Comparison of Immuno-PET of CD138 and PET imaging with 64CuCl2 and 18F-FDG in a preclinical syngeneic model of multiple myeloma
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Clément Bailly1,2,*, Sébastien Gouard2,*, Marie Lacombe1,3, Patricia Remaud-Le Saëc2, Benjamin Chalopin2, Mickaël Bourgeois1,2,4, Nicolas Chouin2,5, Raphaël Tripier6, Zakaria Halime6, Ferid Haddad4, Alain Faivre-Chauvet1,2, Françoise Kraeber-Bodéré1,2,3, Michel Chérel2,3,4,* and Caroline Bodet-Milin1,2,*
1Nuclear Medicine Department, University Hospital, Nantes, France
2Nantes-Angers Cancer Research Center CRCINA, University of Nantes, INSERM UMR1232, CNRS-ERL6001, Nantes, France
3Nuclear Medicine Department, ICO-René Gauducheau Cancer Center, Saint-Herblain, France
4Groupement d’Intérêt Public ARRONAX, Saint-Herblain, France
5AMaROC, Oniris, Ecole Nationale Vétérinaire, Agroalimentaire et de l'Alimentation de Nantes-Atlantique, Nantes, France
6CNRS-UMR6521, University of Bretagne Occidentale, Brest, France
*These authors contributed equally to this work
Michel Chérel, email: Michel.Cherel@univ-nantes.fr
Keywords: multiple myeloma; immuno-PET; copper-64; murine CD138; syngeneic model
Received: May 07, 2017 Accepted: November 10, 2017 Published: January 03, 2018
Purpose: Although recent data from the literature suggest that PET imaging with -Fluorodeoxyglucose (18F-FDG) is a promising technique in multiple myeloma (MM), the development of other radiopharmaceuticals seems relevant. CD138 is currently used as a standard marker in many laboratories for the identification and purification of myeloma cells, and could be used in phenotype tumor imaging. In this study, we evaluated a 64Cu-labeled anti-CD138 murine antibody (64Cu-TE2A-9E7.4) and a metabolic tracer (64CuCl2) for PET imaging in a MM syngeneic mouse model.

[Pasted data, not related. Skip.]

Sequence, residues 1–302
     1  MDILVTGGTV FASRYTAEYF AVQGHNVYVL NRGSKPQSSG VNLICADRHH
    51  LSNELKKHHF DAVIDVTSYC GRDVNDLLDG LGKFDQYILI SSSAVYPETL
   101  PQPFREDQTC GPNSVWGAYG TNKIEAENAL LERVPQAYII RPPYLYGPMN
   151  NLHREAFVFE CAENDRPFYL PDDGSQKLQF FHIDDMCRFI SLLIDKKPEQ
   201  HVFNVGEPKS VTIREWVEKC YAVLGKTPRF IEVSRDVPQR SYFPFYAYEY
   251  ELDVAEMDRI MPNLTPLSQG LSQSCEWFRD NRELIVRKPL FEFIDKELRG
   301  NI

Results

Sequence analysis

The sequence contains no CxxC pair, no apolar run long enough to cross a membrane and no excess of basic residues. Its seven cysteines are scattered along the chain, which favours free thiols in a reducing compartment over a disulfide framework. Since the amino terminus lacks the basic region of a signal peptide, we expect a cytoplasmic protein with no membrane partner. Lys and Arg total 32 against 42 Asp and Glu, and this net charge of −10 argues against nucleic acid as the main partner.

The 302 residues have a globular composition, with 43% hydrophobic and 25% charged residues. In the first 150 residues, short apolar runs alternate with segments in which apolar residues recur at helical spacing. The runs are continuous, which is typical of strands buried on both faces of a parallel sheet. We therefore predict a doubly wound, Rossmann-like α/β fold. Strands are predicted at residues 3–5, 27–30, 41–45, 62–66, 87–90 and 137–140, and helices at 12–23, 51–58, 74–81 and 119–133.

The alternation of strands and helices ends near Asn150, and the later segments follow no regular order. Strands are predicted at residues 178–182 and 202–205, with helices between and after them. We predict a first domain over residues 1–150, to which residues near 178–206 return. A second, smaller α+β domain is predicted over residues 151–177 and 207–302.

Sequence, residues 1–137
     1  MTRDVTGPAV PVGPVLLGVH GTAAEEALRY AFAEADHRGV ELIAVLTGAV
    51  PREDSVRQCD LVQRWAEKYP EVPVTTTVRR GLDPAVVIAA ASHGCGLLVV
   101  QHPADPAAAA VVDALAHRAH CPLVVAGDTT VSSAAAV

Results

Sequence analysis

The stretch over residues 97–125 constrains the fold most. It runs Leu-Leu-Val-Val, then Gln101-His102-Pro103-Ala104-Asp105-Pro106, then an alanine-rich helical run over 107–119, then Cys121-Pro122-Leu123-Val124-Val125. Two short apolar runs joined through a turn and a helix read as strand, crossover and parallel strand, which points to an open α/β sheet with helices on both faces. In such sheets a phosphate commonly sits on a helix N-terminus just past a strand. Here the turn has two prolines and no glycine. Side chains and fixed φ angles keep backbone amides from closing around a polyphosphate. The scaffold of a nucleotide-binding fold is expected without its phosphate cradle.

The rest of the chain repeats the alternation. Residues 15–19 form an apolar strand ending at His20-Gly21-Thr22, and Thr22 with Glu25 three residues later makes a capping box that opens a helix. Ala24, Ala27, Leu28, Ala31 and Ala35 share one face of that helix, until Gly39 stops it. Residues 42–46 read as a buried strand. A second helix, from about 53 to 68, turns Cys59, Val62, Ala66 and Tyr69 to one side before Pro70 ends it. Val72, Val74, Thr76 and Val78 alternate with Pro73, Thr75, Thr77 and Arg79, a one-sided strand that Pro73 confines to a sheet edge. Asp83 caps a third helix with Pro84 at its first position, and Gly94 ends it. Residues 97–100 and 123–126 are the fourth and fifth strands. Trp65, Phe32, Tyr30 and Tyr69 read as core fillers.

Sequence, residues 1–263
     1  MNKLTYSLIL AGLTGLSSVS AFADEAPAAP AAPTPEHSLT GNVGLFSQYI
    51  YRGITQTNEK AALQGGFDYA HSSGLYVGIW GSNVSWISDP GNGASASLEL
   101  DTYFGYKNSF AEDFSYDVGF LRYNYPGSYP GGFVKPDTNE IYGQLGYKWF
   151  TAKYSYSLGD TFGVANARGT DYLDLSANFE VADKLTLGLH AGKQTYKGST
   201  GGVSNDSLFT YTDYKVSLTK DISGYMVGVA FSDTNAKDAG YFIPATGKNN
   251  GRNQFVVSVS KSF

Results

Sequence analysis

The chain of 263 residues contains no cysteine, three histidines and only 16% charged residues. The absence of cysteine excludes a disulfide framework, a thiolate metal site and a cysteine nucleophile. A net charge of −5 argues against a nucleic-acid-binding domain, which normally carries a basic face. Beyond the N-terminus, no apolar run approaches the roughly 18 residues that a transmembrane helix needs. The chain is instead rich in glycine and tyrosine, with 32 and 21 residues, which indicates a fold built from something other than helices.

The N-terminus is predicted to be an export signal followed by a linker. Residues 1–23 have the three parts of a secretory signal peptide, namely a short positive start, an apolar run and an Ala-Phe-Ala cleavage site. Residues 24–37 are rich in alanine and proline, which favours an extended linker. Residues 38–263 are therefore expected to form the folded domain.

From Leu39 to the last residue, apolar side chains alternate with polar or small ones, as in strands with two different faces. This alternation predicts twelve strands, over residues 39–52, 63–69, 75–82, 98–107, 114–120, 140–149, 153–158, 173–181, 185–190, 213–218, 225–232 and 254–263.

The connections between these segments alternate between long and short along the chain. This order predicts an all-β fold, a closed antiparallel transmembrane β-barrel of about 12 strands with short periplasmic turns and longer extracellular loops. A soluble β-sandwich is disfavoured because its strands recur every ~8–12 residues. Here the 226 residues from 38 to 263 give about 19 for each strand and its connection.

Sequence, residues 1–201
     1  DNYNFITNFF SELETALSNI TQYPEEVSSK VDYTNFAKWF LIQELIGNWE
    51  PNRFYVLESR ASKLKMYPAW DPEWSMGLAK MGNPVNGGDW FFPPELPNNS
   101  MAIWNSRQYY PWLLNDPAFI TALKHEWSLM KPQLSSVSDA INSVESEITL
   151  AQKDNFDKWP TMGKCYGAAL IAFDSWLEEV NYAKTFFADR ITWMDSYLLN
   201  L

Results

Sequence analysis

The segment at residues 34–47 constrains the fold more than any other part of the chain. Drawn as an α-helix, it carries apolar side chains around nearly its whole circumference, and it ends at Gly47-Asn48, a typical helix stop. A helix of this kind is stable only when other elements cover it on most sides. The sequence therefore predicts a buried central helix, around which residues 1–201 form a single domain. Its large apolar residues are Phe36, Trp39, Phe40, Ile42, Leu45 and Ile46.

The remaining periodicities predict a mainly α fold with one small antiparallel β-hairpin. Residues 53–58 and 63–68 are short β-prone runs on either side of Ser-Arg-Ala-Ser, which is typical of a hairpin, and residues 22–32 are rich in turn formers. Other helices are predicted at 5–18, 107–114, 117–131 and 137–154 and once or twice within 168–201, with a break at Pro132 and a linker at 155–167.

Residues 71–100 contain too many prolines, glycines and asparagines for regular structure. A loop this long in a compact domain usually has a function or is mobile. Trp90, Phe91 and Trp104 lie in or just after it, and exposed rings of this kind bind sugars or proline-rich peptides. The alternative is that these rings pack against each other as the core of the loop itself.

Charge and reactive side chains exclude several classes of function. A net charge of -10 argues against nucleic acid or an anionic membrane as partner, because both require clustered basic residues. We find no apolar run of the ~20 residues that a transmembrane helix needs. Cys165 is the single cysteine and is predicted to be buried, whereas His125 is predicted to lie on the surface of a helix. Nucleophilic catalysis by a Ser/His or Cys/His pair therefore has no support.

Experimental Design and Results: 64Cu-TE2A-9E7.4 antibody and 64CuCl2 were evaluated via PET imaging and biodistribution studies in C57BL / KaLwRij mice bearing either 5T33-MM subcutaneous tumors or bone lesions. These results were compared to 18F-FDG-PET imaging. Autoradiography and histology of representative tumors were secondly conducted. In biodistribution and PET studies, 64Cu-TE2A-9E7.4 displayed good tumor uptake of subcutaneous and intra-medullary lesions, greater than that demonstrated with 18F-FDG-PET. In control experiments, only low-level, non-specific uptake of 64Cu-labeled isotype IgG was observed in tumors. Similarly, low activity concentrations of 64CuCl2 were accumulated in MM lesions. Histopathologic analysis of the immuno-PET–positive lesions revealed the presence of plasma cell infiltrates within the bone marrow.
Conclusions: 64Cu-labeled anti-CD138 antibody can detect subcutaneous MM tumors and bone marrow lesions with high sensitivity, outperforming 18F-FDG-PET and 64CuCl2 in this preclinical model. These data support 64Cu-anti-CD138 antibody as a specific and promising new imaging radiopharmaceutical agent in MM.
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